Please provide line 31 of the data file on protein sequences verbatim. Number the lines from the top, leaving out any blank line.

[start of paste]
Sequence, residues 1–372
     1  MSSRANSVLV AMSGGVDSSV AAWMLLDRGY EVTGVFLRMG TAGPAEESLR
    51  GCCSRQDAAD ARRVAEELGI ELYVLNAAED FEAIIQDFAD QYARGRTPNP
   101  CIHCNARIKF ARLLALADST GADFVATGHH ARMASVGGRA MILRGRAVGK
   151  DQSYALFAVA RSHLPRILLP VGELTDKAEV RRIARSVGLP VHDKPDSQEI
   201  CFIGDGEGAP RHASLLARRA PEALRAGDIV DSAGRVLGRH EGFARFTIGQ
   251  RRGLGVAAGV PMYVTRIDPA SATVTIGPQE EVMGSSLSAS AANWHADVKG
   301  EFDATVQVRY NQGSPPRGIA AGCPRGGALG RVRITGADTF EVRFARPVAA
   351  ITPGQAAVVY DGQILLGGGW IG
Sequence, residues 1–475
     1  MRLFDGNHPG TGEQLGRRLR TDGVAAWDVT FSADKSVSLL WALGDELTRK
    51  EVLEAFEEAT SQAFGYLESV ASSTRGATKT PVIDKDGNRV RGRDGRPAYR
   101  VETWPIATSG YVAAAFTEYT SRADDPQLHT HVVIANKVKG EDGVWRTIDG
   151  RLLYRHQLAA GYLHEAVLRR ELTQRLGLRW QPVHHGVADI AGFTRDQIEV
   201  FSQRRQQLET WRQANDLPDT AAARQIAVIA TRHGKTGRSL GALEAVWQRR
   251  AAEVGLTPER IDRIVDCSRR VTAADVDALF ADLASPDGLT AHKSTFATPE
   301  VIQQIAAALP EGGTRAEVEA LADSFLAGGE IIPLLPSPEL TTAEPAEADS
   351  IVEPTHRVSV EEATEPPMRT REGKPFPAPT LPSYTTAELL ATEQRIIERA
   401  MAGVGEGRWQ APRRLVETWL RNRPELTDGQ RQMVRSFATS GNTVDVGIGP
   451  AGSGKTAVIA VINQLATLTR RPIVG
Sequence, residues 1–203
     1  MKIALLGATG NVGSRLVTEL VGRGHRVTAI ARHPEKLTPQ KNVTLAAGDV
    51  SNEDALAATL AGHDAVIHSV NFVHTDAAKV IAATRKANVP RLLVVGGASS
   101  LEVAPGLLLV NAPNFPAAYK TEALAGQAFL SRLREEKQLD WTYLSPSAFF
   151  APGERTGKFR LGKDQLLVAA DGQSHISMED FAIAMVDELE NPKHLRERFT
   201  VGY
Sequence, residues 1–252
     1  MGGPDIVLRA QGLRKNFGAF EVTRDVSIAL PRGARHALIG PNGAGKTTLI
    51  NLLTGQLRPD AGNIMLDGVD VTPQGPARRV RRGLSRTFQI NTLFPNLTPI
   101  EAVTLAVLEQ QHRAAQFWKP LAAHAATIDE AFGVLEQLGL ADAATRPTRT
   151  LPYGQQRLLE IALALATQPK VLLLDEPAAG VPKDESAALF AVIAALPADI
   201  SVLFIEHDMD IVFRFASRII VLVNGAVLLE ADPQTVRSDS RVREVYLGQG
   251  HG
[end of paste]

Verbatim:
   151  LPYGQQRLLE IALALATQPK VLLLDEPAAG VPKDESAALF AVIAALPADI